Lightweight, non-reactive, unbreakable and usually airtight plastic containers are perfect for storing dried herbs and other treasures. Reusing them reduces waste and environmental impact much more effectively than labor–and chemistry-intensive industrial recycling.
The only hitch is those stupid labels. Most glues don’t stick to plastic, so the ones used to stick labels on it have to be practically bulletproof. Unlike glass containers, plastic ones can’t be de-labelled by soaking in hot water. Scrubbing scratches up the plastic, and even then it only removes the paper. Tacky glue remains to stick to hands and attract dirt.
But removing labels from plastic containers is deceptively easy once you know how. For success every time, without scratched containers or residual glue, follow this simple procedure:
1. Apply a thick coat of cooking oil to the label in question.
2. Allow it to soak in, undisturbed, for 24 hours.
3. Try to peel the label off. If it comes readily, proceed to the next step. If it doesn’t, repeat steps 1 and 2. (Many labels require two applications; some take several.)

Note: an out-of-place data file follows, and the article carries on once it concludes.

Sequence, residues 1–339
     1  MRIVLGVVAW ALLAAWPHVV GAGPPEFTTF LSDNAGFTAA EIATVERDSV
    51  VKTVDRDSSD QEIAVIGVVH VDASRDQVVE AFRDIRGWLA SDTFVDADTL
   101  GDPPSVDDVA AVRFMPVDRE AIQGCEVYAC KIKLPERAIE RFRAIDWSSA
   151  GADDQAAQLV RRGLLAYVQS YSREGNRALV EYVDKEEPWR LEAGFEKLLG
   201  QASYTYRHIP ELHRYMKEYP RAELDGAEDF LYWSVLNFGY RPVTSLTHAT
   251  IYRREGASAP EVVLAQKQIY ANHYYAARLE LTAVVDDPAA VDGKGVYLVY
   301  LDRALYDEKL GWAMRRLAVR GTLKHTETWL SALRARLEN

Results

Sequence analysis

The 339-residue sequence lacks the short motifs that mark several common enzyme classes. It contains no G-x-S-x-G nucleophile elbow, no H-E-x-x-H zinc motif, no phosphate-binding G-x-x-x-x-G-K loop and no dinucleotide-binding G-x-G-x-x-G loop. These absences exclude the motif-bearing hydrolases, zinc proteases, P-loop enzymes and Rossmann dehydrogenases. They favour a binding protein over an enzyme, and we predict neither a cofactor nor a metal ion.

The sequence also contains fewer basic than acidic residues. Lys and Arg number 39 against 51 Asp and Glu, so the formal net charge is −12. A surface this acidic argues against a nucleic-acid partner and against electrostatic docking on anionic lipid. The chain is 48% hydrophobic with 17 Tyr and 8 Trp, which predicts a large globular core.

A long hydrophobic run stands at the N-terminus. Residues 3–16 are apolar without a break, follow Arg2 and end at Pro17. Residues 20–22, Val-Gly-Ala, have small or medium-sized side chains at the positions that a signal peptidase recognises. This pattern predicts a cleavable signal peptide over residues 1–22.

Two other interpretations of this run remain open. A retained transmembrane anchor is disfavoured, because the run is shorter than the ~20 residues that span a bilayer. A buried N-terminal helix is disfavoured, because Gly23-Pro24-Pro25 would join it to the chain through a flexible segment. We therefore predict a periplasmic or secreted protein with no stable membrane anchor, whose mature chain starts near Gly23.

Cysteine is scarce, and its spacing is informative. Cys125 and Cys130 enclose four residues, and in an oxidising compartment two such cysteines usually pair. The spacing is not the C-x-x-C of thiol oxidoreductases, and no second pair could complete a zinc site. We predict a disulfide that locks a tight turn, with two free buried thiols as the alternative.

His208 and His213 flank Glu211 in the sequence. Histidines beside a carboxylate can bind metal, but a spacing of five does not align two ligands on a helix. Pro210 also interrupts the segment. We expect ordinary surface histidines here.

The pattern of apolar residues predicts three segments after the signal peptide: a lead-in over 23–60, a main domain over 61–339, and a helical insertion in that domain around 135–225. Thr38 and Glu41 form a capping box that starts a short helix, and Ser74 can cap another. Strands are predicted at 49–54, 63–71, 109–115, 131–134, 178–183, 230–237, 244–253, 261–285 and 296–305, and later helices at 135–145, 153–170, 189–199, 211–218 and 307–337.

4. After the label has been peeled off, some sticky, partly dissolved glue will remain. To remove it, coat the area with oil a final time and allow it to sit overnight.
5. Wipe off the oil and dissolved glue, then wash the container in hot, soapy water. No trace of label or glue will remain.
Note from Annie: Although this is not the book in which you’d expect to find information about removing labels, it does in fact have one of the best set of directions for solving this very commonly frustrating challenge. It is also one of my favorite books, because of tidbits just such as this.
Adapted from 'The Neighborhood Forager, by Robert K. Henderson.Copyright (c)2000 by Robert K. Henderson. Reprinted by permission of Chelsea Green Publishing Company.
Adapted from 'The Neighborhood Forager, by Robert K. Henderson.
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